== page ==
Yatagarasu Picture

Overall Length: 39"
Blade Length: 27"
Blade Width: 1 3/8" @ base; 13/16" @ profile taper (1" from tip)
Tsuka Length: 11"
Tsuba Diameter: 3"
Kashira Dimensions: 1 3/8"L x 1 3/8"W

I normally only upload redesigns of fantasy swords to DeviantArt, leaving the vast majority of my work in my design thread over on SBG. However, this sword is, technically speaking, my 300th design and I wanted to do something special for it; it was also vaguely a request, which is why I decided to upload it here.

I've long considered doing a katana, but I just don't really care for Japanese swords, so I never really did much more than that. Additionally, I've always thought that if I ever did do a katana, it would be either of a kissaki-moroha-zukuri or a kanmuri-otoshi-zukuri profile, as those are the two blade profiles I actually like on a katana. Well, since I wanted to do something special for this design, I decided to go ahead and do a katana, particularly as this will likely be the only time I'll ever do one; they're just too much of a hassle. With that in mind, I spent some time finding all the elements that would go into the sword, since I wanted it to contain those elements I like in a katana. As such, the blade is of a kissaki-moroha-zukuri profile, the koshirae are Handachi style (based on an antique set from the Edo period), and the tsuba is based on a combination of the Hanwei Paper Crane katana (the black iron/gold combo) and on Nanashi's katana from Sword of the Stranger (the cutouts), one of my favorite anime movies and a most excellent film in general.

The tsuka has a very slight curve, but is otherwise straight, lacking the more exaggerated curves found on some tsuka; despite the rather disparaging nickname of "axe-handle" given to many lower-mid end katana tsuka on account of its straight profile, I actually rather like the way it fills the hand (it's not that dissimilar to a bokuto, after all). The menuki are in the, apparently, more traditional palm side placement as opposed to the fingertip side placement you typically see on just about every modern production katana, because, as with everything else on this sword, that's what I prefer. It drives me nuts trying to swing a katana with the menuki under my fingertips. The blade is based on one originally forged by Gassan Sadakatsu in the Showa period (July 1941) emulating the famous Kogarasumaru, which is rather amusing to find out, as when I set out to design this sword, I named it Yatagarasu; Yatagarasu is a three-legged raven from Japanese mythology who appears as a guide before Emperor Jimmu, the first Emperor of Japan. As a result, Yatagarasu is typically viewed as a messenger or guide.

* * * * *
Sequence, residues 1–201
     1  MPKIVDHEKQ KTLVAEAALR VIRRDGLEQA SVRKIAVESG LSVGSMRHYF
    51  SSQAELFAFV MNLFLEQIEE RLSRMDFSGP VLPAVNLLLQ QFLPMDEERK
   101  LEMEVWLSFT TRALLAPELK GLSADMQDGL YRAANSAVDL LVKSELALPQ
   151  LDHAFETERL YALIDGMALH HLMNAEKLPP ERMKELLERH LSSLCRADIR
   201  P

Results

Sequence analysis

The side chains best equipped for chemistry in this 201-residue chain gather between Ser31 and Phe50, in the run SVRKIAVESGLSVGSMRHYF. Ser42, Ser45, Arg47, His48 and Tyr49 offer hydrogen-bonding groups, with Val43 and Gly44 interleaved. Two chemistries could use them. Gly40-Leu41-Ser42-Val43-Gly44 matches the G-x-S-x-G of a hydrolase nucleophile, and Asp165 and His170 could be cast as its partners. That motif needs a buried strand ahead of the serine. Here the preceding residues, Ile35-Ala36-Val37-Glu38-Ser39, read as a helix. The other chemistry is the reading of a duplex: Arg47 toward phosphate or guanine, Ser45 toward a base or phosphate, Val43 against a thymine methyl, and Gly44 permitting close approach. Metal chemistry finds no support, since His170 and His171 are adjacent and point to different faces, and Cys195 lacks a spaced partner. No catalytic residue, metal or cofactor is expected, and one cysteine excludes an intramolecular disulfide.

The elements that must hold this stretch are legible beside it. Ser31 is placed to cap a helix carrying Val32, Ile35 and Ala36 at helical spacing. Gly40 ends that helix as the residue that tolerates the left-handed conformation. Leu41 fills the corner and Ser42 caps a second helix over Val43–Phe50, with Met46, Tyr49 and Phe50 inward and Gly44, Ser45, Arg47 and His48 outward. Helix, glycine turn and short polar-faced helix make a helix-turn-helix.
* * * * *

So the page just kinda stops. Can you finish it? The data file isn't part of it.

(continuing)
To further this theme, I chose a set of mitsudomoe menuki, which has a variety of meanings. The tomoe is also the shape of the magatama, from which many of the deities in Japanese mythology were born from when Amaterasu, the sun goddess, bit pieces from magatama and blew them into the wind. The Yasakani no Magatama is also one of the three Imperial Regalia of Japan and used when enthroning an Emperor (much like the Crown Jewels in England). The mitsudomoe, in particular, was originally the symbol of the Shinto war god Hachiman, subsequently being adopted by the samurai; it was also on the flag of the Ryukyu Kingdom (present day Okinawa). The mitsudomoe also forms a variation of the triskelion, an ancient symbol that often consists of three legs, which goes back to the three-legged crow that is Yatagarasu.
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